Vicksburg Council Approves Brew Pub License

richard barnes Vix VC
Richard Barnes urges Pavilion enclosure.

By Sue Moore

In addition to everyday items of business, the recent Vicksburg Village Council also dealt with a brew pub license request and a request for the village-owned pavilion to be enclosed.

The council approved a brew pub license request for the Vault Coffee House & Wine Bar from Clint Powell, who needed the council’s approval before turning his request in to the state Liquor Control Commission.

Regarding the pavilion, Richard Barnes asked about enclosing the north and south ends of the top of the pavilion to keep water out of the timbers which he said were already showing decay.

The council had voted not to enclose the ends at its August meeting, and to look for other possible ways to treat the timber, thus no vote was taken on Barnes recommendation.

Highlights of other reports heard at the meeting include:

Houses in Disrepair

The bank that owns a house at 513 W. Prairie has been notified by the building inspector that it needs to be torn down, due to fleas, rodents, and other messes surrounding the building that has been vacant for over a year. Another house on East Prairie has also been issued a citation and the owner has 60 days to clean it up or the process of condemnation will begin, according to Steve Siegwart, owner of MTS, the company which handles the village’s building inspections.

Bonding Update

Jenny McKillop, village treasurer, told the council that the bond issue is going to close very soon, with a favorable interest rate of four percent or possibly better in the offing. A resolution was passed that allowed the underwriter’s percentage not to exceed 1 ½ percent. “Four and a quarter interest rate was estimated; five percent on real money is very good,” said Village President Bill Adams.

There are still questions about deposits and transactions that don’t add up from previous administrations, according to McKillop.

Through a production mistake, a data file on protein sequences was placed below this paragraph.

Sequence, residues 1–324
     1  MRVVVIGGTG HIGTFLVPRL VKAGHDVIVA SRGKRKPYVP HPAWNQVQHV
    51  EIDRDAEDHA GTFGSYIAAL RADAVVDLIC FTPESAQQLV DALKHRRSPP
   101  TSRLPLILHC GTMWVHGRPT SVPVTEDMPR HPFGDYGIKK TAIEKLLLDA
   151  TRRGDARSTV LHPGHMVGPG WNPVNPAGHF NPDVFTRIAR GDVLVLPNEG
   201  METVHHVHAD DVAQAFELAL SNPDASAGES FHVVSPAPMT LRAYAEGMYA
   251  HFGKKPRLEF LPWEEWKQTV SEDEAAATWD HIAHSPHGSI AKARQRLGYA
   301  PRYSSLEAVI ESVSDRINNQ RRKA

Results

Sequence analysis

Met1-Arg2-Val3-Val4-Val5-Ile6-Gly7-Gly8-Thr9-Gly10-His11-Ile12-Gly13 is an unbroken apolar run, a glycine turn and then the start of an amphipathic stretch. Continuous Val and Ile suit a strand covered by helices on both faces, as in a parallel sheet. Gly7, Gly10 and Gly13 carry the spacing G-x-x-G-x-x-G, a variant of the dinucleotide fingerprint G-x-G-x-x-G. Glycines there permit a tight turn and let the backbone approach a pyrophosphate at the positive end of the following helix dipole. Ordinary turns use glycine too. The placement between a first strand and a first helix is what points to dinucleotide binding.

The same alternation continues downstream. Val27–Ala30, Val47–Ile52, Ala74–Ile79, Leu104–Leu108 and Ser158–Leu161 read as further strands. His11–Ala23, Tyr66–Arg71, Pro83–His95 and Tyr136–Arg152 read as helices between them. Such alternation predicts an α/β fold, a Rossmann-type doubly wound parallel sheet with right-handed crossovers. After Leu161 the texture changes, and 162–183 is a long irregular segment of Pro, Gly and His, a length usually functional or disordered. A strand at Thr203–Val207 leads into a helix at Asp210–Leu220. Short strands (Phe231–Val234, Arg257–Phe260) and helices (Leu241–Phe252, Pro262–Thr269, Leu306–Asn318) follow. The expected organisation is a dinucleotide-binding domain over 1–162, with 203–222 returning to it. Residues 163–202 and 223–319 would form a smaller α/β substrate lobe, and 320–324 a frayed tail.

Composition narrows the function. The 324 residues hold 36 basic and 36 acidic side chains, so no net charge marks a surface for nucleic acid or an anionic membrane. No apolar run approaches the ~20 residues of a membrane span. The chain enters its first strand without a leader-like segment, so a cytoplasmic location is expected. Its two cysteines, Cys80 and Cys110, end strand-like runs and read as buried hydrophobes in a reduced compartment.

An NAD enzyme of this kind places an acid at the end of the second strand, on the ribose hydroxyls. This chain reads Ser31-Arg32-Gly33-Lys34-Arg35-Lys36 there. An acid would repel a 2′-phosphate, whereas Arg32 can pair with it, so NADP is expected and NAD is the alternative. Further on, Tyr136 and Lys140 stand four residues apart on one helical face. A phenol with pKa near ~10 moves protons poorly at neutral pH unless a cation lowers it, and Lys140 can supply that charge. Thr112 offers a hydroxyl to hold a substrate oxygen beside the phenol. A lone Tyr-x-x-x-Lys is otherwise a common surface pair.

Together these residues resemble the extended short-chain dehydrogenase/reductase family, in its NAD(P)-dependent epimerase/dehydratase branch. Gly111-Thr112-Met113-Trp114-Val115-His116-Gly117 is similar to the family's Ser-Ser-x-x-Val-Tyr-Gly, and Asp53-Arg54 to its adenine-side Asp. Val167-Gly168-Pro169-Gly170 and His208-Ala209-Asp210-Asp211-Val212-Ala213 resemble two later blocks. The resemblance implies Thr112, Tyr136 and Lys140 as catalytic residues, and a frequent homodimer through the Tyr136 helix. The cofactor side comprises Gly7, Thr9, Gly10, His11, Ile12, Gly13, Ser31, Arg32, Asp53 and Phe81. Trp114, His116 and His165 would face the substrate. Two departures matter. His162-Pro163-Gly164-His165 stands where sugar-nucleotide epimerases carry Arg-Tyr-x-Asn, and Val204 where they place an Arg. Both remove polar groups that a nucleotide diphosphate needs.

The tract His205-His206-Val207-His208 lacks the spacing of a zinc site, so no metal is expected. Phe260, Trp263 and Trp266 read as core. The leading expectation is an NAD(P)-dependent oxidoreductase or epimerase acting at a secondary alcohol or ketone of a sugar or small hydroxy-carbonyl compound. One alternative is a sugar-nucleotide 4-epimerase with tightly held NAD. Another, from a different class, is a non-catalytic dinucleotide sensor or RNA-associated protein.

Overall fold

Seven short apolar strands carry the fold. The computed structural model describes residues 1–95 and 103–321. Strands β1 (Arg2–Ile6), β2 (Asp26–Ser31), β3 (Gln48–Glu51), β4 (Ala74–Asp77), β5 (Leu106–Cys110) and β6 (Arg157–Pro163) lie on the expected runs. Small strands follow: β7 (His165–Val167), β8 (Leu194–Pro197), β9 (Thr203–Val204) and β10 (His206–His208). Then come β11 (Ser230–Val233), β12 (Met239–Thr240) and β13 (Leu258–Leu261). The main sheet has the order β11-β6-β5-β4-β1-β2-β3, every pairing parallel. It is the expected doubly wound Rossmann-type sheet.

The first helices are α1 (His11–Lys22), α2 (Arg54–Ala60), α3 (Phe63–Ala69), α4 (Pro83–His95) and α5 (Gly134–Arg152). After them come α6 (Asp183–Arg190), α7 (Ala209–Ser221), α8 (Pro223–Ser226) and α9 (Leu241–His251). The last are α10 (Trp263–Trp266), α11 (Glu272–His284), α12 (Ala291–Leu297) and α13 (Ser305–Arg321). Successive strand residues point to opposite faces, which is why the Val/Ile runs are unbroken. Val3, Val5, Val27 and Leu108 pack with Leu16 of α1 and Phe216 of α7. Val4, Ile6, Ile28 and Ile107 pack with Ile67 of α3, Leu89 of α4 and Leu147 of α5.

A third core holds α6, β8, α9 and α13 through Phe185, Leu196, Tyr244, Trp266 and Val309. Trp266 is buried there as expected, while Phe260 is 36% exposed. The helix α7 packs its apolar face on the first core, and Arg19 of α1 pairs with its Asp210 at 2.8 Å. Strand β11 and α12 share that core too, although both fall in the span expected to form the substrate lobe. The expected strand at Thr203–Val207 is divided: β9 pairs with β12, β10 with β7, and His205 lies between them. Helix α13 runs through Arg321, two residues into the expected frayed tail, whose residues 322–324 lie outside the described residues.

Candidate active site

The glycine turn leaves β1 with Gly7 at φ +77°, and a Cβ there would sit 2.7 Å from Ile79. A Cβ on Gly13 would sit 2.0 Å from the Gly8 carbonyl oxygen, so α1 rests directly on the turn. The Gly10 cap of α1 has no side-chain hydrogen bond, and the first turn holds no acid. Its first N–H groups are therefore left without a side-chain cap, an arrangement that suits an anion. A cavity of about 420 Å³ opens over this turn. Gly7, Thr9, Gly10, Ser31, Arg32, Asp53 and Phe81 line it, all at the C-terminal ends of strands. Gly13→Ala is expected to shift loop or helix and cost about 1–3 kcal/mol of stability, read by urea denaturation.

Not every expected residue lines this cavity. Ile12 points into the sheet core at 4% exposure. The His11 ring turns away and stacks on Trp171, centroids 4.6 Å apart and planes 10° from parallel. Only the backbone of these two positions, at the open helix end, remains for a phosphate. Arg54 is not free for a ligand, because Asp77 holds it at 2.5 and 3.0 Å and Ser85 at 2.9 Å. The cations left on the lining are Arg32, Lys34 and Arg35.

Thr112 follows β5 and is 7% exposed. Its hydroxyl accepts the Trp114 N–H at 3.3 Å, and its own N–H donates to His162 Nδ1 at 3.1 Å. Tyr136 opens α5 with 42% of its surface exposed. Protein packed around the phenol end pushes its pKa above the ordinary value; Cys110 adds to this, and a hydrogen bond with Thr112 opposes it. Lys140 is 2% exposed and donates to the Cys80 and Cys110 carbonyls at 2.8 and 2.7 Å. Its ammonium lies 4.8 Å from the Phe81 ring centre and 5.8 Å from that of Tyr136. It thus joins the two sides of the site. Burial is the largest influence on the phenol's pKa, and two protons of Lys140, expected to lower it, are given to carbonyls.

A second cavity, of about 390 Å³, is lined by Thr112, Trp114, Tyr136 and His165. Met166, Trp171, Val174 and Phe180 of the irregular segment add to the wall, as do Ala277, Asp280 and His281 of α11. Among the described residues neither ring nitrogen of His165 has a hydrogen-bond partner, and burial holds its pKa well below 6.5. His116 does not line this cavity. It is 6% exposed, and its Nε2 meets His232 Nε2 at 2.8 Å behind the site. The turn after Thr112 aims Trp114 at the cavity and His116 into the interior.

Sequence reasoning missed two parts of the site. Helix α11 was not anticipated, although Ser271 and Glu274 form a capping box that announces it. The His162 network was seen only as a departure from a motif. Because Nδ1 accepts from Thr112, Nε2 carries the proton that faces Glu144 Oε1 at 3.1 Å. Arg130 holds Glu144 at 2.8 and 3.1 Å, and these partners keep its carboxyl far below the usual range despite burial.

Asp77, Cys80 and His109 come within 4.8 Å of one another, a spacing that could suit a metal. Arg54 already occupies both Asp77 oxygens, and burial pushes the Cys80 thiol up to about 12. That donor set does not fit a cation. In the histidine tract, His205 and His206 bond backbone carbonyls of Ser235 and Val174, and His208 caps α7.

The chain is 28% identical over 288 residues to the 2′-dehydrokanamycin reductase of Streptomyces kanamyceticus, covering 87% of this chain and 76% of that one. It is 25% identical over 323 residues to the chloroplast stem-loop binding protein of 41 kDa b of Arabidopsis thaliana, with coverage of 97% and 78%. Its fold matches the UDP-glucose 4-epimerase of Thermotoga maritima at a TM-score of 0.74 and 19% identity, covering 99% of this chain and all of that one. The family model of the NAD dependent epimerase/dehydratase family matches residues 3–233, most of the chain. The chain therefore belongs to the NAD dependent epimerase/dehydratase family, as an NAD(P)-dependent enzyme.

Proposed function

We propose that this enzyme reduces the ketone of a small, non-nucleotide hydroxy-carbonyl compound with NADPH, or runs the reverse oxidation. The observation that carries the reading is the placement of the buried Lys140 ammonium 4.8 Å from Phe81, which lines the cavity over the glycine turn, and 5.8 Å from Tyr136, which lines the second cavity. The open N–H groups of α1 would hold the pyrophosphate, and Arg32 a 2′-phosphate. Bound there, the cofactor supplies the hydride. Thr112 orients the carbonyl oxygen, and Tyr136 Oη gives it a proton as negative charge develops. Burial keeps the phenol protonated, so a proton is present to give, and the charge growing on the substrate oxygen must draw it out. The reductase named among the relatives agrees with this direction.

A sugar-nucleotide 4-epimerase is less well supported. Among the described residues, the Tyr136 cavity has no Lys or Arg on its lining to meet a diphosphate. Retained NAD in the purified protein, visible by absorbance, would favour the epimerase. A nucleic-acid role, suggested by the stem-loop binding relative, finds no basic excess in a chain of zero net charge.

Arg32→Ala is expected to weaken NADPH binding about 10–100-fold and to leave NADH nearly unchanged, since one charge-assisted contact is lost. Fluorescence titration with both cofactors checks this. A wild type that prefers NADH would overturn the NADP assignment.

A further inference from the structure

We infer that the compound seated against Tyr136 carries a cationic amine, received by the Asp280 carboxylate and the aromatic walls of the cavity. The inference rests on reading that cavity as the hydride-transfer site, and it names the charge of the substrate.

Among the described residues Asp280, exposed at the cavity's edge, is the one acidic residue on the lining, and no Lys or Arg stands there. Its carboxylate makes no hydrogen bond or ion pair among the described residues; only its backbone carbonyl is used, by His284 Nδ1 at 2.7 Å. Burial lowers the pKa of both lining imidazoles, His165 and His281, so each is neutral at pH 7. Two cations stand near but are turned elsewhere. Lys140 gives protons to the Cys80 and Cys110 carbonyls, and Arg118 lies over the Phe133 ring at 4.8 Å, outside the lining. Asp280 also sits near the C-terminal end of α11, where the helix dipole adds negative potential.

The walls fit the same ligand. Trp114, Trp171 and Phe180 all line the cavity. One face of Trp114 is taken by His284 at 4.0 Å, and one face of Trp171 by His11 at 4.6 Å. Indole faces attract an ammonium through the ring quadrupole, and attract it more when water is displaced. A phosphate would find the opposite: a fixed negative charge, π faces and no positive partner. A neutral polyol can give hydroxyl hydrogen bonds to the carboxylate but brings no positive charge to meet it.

“It didn’t make sense [to me] as to why the tax delinquent notices went out,” she said. “The totals are matching but what’s behind it [totals] is not. I expect to have closure by next month’s council meeting.”

Village Manager’s Report

Ken Schippers, village manager, is still talking with the PulverDryer Company about their purchase of acreage in Leja Park south. They need another 60 feet and he suggested splitting the next lot for them to buy, leaving the village with just one lot of six acres to sell in the park. At the same time, Summit Polymers plans to expand and, thus, needs to move a retention pond that is on the south side of their building and that is also in process.

Trouble with pumps at the golf course will result in some unforeseen expenses, he reported. This will come out of the Angels Crossing budget and not the village’s budget.

Sidewalks that were damaged by the most recent storm have been replaced, and AEP will be in town soon to cut down the remaining trees damaged in the August winds. “We will be replanting trees this fall,” Schippers said.

Water meters will be read for the first time with the new hand-held reader and bills generated by the new method will be going out soon. A replacement policy for water meters has been initiated which means the village will be fixing a few at a time in a fix as we go program.

Cop in the School Program

An agreement has been reached with the Vicksburg Foundation to fund half the cost of putting Officer Mark Peterson, back at the high school, middle school and the three elementary buildings, according to Chief Eric West. The cost will be split with the school district and the Foundation, for the next two years, with the village picking up the hidden costs of hiring someone to take Peterson’s place on the night shift. This agreement assures funding for the program for the next four years. Initially, this endeavor was funded by a federal grant and included one position that expired in 2001. It was then picked up by the school, village and the Foundation but ceased when the village ran into budget constraints. This new agreement is split 50/50 between the school and the Foundation. In the third and fourth years of the agreement, the village will pick up $30,000 of the costs.

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